Hospitals girding for an influx of Medicaid patients in 2014 under the healthcare reform law's
Medicaid coverage expansion recently were given some new regulatory tools to deal with the financial fallout.
A final HHS rule (PDF)
issued the morning after Independence Day implemented provisions of the Patient Protection and Affordable Care Act that allow hospitals to presume some uninsured patients are eligible for Medicaid and then bill their state program for the cost of their care. The rule specified that states cannot hold hospitals liable for the cost of care for patients they incorrectly assumed were Medicaid-eligible.
“This provision is vitally important for covering the uninsured, because it ensures that if any person who is uninsured but eligible for Medicaid
shows up at a hospital needing care, he or she can immediately be enrolled in Medicaid,” Tim Jost, a law professor at Washington and Lee University, recently wrote about the new regulation in a Health Affairs blog post
The rule will allow hospital to make presumptive eligibility decisions for Medicaid categories where eligibility is income-based. In addition, states have the option of authorizing hospitals to make eligibility determinations based on other qualifying characteristics, such as eligibility stemming from a disability.
The hospital enrollment initiative was backed by the American Hospital Association
, although Richard Pollack, the hospital group's senior lobbyist, raised some concerns when the rule was first proposed.
Hospitals may not participate “because they may lack the necessary information on state eligibility and enrollment policies and procedures and because of the uncertainty over whether they could even meet the yet-to-be-established performance standards,“ Pollack warned in a Feb. 21 letter to the CMS
The final details on hospitals' expanded Medicaid enrollment role came amid new evidence of the primary role those facilities serve for low-income residents.
A recent article in Health Affairs by University of Pennsylvania researchers concluded that many low-income patents rely on hospital care over physician offices for a variety of reasons, including perceptions of it as less expensive, more accessible, and of higher quality than ambulatory care.
The authors of the report blamed those preferences for higher-cost hospital-based care on the inaccessibility of office-based primary care. “What we learned is it's not just about insurance,” Dr. Shreya Kangovi, one of the report's authors, said in an interview.
A separate article in Health Affairs reported that two-thirds of primary-care physicians accepted new Medicaid patients in 2011 to 2012. But Kangovi, who is a primary-care provider, noted that the low-income patients in her study reported having physicians who referred them to hospital emergency departments for routine care.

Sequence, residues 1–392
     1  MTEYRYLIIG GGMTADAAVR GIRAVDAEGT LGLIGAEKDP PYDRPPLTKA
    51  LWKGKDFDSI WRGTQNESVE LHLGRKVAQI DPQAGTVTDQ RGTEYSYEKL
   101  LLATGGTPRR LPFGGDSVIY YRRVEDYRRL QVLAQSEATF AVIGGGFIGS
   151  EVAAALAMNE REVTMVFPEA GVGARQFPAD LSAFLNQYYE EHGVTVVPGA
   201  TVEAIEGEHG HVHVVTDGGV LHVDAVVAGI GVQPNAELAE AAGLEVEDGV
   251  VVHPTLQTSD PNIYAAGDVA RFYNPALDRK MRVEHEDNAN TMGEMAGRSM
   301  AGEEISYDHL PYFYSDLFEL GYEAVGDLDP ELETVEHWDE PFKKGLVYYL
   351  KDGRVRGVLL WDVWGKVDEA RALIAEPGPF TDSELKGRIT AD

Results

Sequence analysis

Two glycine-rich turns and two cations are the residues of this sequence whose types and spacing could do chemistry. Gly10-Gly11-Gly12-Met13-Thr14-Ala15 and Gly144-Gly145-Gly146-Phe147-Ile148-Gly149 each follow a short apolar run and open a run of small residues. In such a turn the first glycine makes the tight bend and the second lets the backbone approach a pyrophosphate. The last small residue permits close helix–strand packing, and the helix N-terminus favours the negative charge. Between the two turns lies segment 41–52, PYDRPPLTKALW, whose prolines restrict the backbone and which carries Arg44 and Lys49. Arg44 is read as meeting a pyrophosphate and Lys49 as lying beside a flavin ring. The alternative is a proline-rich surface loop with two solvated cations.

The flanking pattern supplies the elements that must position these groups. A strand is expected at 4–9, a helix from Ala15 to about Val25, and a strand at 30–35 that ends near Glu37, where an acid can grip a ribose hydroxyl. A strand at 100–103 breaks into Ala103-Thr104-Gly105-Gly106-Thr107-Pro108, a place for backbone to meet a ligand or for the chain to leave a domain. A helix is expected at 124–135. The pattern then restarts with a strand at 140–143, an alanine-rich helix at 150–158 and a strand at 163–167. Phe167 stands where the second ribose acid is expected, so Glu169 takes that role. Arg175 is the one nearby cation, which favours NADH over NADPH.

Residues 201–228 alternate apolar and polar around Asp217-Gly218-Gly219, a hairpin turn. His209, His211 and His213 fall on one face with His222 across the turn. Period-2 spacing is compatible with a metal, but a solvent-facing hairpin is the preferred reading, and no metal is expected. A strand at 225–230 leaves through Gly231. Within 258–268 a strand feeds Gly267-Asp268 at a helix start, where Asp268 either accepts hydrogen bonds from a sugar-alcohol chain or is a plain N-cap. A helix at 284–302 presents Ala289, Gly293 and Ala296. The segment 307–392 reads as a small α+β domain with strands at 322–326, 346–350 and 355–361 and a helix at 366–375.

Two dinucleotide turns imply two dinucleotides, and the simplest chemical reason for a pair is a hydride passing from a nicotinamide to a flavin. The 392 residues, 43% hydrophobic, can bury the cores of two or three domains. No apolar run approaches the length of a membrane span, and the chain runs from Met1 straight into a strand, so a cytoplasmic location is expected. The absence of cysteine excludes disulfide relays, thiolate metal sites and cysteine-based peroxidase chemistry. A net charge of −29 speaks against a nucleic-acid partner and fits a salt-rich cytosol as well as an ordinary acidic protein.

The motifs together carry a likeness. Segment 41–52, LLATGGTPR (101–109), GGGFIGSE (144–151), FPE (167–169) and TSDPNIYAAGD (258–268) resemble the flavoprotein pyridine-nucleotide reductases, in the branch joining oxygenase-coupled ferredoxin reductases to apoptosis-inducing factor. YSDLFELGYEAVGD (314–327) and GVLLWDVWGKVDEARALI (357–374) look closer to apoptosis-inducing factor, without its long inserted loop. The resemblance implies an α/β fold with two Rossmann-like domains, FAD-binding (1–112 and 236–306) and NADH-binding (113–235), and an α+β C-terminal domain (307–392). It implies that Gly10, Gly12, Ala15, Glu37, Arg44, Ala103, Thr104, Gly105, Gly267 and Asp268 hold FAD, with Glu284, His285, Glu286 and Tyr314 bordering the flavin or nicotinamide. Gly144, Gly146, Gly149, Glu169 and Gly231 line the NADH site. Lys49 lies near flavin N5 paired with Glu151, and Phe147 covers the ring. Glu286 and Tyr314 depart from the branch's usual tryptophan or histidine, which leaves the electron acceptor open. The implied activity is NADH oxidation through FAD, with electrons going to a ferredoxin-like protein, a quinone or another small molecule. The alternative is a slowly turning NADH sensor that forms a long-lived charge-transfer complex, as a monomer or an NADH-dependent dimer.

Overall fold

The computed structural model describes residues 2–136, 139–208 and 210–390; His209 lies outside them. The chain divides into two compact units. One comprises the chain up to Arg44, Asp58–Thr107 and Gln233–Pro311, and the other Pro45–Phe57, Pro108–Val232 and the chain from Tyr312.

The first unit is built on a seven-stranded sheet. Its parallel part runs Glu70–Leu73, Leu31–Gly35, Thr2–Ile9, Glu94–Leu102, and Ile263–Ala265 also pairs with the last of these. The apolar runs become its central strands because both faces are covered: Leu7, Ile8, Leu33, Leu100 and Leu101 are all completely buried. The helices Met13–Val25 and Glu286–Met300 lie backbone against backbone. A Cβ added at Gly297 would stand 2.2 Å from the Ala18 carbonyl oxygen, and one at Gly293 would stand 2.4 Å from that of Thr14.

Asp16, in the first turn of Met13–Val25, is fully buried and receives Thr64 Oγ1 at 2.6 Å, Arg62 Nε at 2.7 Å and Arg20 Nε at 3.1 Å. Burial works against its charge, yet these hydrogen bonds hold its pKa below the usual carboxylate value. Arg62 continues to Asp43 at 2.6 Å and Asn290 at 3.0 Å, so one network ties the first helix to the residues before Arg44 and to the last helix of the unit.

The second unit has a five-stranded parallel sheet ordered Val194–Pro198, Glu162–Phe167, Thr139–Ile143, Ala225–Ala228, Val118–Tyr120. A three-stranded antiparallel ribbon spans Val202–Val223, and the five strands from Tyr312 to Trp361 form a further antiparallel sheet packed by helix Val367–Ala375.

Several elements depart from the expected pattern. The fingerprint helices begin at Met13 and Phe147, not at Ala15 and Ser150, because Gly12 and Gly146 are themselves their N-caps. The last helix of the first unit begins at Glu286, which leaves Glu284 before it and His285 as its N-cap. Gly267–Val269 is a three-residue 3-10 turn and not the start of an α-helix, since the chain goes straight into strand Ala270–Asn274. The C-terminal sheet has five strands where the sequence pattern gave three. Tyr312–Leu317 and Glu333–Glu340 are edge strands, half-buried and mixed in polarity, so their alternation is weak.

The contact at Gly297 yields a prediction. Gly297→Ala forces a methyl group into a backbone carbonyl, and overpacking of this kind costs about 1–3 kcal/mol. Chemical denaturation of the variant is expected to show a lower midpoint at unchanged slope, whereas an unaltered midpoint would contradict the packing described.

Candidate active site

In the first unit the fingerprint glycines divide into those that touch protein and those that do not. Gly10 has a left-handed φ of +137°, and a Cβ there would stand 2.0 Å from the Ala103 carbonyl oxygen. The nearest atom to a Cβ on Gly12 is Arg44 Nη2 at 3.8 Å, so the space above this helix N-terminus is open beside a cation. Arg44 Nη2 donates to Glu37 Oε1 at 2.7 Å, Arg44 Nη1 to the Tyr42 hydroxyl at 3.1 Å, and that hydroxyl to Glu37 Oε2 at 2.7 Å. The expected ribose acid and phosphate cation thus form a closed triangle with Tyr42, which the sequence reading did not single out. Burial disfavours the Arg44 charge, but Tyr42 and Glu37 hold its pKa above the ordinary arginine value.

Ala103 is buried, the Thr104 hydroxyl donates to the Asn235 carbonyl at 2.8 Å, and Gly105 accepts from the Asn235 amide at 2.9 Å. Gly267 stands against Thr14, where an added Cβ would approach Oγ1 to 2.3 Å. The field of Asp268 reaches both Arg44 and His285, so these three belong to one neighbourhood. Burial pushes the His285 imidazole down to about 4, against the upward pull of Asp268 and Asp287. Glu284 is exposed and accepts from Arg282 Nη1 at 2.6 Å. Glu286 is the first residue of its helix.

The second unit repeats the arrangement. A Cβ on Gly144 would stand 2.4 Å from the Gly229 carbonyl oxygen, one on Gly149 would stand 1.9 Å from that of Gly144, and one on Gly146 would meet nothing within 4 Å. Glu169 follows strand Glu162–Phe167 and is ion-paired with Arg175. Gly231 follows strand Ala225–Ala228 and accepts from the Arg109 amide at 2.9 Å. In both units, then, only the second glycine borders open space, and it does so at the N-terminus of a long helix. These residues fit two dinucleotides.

“There's a lot of ways to put up barriers besides not accepting your insurance,” Kangovi said.
Another financial tool included in the new HHS rule allowed states to impose cost-sharing for non-emergency use of a hospital emergency department—up to $8 for those earning up to 150% of the federal poverty level and no dollar limit on patients with higher incomes. That's strongly opposed by advocates for low-income patients.
“Reducing non-emergency use of hospital emergency departments continues to be a challenge for hospitals and state Medicaid agencies,” Pollack said.
The extent of that challenge was illustrated in a recent AHA report concluding that the growth in emergency department use was driven by low-income patients. Specifically, ED visits from 2004 to 2009 rose 23%, compared with a 42% increase in visits by the uninsured and Medicaid beneficiaries in the same time frame.
At least a couple of Republican governors are continuing to press hostile Republican legislators to expand Medicaid in the final months before the start of open enrollment for 2014, the Associated Press reports.
Ohio Gov. John Kasich planned to appear at a Tuesday afternoon event promoting the expansion. Kasich proposed extending Medicaid coverage, as allowed under Obamacare, to 366,000 more low-income Ohioans, though GOP legislative leaders dropped it from the state budget that passed in June.
Legislators say they'll continue to try to find common ground on how to proceed with the federal-state health program for the poor and disabled people.
Meanwhile, Michigan Gov. Rick Snyder was scheduled to meet Tuesday with officials at Marquette General Hospital. He's trying to build support for legislation approved by the state House last month that would expand eligibility for government-provided health insurance to 320,000 low-income adults in 2014.
The Republican-controlled state Senate adjourned this month without voting on the measure, despite Snyder's plea to take action.
Snyder has been touring the state to make his case. He says too many Michigan residents seek costly care in emergency rooms because they have inadequate health coverage, and those costs get passed to paying patients in the form of higher premiums.
Some conservative senators say the bill would further expand government.Follow Rich Daly on Twitter: @MHrdaly